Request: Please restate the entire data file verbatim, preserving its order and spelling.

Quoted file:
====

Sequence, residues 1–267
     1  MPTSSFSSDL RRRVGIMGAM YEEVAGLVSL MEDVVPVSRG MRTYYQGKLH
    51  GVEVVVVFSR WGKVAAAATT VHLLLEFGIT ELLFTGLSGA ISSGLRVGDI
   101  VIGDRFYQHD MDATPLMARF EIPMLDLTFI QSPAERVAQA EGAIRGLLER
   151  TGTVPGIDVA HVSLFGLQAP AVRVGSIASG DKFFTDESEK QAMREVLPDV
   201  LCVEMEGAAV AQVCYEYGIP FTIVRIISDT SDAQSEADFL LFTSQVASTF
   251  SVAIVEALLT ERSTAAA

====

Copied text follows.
Sequence, residues 1–267
     1  MPTSSFSSDL RRRVGIMGAM YEEVAGLVSL MEDVVPVSRG MRTYYQGKLH
    51  GVEVVVVFSR WGKVAAAATT VHLLLEFGIT ELLFTGLSGA ISSGLRVGDI
   101  VIGDRFYQHD MDATPLMARF EIPMLDLTFI QSPAERVAQA EGAIRGLLER
   151  TGTVPGIDVA HVSLFGLQAP AVRVGSIASG DKFFTDESEK QAMREVLPDV
   201  LCVEMEGAAV AQVCYEYGIP FTIVRIISDT SDAQSEADFL LFTSQVASTF
   251  SVAIVEALLT ERSTAAA